Although we don't believe in timing the market or panicking over market movements, we do like to keep an eye on big changes -- just in case they're material to our investing thesis.
What: Shares of Calix (NYSE:CALX) dropped more than 30% during intraday trading Wednesday after the communications equipment supplier reported mixed third-quarter results and weak forward guidance.
So what: Quarterly revenue increased 27%, to a record $103.6 million, which translated to adjusted net income of $10.2 million, or $0.20 per share. Analysts, on average, were expecting lower adjusted earnings of $0.14 per share on higher sales of $104.35 million.
What's more, Calix stated that while spending from its tier 2 and tier 3 customers has been strong so far this year, those customers have indicated spending will slow down in the fourth quarter. As a result, management expects Q4 revenue to fall sequentially to a range of $97 million to $103 million, which will result in adjusted earnings per share in the range of $0.03 to $0.08.
By contrast, analysts were calling for fourth-quarter sales of $115.52 million, with earnings of $0.20 per share on the same basis.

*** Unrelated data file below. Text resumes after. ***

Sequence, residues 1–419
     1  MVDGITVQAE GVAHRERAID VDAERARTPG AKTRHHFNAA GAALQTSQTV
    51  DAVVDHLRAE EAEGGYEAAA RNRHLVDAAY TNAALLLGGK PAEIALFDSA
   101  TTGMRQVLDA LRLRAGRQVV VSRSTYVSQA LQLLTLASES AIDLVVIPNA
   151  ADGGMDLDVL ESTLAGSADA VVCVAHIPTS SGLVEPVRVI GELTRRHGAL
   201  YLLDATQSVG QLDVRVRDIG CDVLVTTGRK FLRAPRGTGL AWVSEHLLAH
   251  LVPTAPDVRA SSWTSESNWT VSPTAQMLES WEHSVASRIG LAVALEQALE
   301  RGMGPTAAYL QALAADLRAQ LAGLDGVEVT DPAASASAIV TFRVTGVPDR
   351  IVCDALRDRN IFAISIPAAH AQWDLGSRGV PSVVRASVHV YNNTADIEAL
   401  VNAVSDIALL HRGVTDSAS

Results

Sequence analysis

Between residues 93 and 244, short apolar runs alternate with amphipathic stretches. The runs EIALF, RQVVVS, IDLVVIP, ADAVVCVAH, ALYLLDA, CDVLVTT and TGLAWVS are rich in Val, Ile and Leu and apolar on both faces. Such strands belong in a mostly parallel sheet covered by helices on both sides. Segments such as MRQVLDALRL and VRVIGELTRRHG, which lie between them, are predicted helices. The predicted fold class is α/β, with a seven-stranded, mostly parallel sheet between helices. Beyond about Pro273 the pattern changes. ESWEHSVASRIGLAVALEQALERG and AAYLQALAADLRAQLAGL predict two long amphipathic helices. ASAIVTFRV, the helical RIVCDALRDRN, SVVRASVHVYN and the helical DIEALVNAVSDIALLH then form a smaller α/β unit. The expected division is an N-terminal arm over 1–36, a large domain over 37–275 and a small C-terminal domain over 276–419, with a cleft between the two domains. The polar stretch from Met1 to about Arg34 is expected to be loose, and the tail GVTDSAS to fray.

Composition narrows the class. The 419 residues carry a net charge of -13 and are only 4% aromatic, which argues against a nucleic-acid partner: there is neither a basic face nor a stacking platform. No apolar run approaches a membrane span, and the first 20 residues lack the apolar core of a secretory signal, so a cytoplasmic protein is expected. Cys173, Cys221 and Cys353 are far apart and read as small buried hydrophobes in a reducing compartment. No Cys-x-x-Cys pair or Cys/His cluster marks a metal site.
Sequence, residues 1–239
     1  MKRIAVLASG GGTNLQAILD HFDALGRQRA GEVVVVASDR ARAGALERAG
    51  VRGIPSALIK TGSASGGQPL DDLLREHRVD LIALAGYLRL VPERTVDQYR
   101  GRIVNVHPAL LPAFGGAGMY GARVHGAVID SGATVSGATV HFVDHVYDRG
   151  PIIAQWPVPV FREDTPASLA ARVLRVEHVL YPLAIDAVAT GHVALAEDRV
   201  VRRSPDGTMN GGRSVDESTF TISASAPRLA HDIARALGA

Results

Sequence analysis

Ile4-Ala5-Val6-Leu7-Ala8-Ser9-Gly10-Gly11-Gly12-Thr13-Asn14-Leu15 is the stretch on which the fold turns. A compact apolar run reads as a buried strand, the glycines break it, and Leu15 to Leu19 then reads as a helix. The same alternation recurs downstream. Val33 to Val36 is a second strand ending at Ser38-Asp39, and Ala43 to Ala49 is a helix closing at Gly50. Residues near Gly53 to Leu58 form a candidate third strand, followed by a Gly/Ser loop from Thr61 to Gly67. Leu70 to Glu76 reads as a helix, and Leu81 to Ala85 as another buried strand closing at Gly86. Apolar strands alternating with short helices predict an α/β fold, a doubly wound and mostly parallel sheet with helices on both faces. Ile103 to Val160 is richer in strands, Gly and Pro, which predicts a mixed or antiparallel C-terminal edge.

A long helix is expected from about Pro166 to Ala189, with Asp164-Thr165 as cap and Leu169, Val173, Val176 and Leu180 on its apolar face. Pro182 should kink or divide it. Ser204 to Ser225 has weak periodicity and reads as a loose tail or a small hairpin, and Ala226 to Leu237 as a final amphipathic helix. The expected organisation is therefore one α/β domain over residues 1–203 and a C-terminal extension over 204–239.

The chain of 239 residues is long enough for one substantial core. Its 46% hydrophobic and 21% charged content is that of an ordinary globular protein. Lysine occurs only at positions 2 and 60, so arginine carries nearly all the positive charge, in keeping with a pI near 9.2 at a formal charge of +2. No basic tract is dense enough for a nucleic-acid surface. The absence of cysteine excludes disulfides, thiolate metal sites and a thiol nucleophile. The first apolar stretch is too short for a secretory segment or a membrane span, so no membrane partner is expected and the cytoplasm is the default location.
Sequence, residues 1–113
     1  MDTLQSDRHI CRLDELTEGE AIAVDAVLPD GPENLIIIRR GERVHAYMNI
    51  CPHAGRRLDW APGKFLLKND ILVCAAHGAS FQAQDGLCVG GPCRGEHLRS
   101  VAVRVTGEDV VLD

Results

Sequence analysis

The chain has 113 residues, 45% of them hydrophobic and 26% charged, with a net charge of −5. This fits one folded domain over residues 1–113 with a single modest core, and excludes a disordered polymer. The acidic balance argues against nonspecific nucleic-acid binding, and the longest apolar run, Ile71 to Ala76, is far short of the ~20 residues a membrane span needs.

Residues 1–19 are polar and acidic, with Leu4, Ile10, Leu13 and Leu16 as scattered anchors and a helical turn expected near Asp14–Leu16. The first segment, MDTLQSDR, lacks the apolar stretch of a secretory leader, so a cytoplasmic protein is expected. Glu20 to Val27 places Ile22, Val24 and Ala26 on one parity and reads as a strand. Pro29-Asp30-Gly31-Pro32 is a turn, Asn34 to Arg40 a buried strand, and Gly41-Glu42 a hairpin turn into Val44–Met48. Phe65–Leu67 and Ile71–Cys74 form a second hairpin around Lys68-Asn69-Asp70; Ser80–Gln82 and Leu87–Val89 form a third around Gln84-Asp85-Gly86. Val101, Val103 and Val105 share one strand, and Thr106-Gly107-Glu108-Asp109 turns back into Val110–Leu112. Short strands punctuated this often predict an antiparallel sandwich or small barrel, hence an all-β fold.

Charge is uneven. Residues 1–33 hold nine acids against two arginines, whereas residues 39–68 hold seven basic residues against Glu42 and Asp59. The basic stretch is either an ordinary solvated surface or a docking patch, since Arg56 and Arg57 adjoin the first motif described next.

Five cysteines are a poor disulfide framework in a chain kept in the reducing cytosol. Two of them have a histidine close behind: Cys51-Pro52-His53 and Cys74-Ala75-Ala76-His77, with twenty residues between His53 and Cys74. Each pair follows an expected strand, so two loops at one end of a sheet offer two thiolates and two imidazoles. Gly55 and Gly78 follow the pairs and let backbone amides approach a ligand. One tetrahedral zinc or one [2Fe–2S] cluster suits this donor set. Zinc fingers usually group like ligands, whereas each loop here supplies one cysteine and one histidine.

Now what: No matter how you slice it, that's a big discrepancy from what investors were hoping for, and doesn't bode well for Calix stock over the short term. Even so, you've got to applaud management for being prudent in its guidance and, next year, Calix should still remain nicely positioned to benefit from the broader rollout of gigabit-speed services.
While I wouldn't be surprised if the stock has more downside over the next few months -- even with shares currently trading at a reasonable 13 times next year's estimated earnings -- I think investors would do well to at least add Calix to their watchlists.
Fool contributor Steve Symington has no position in any stocks mentioned. The Motley Fool has no position in any of the stocks mentioned. Try any of our Foolish newsletter services free for 30 days. We Fools may not all hold the same opinions, but we all believe that considering a diverse range of insights makes us better investors. The Motley Fool has a disclosure policy.
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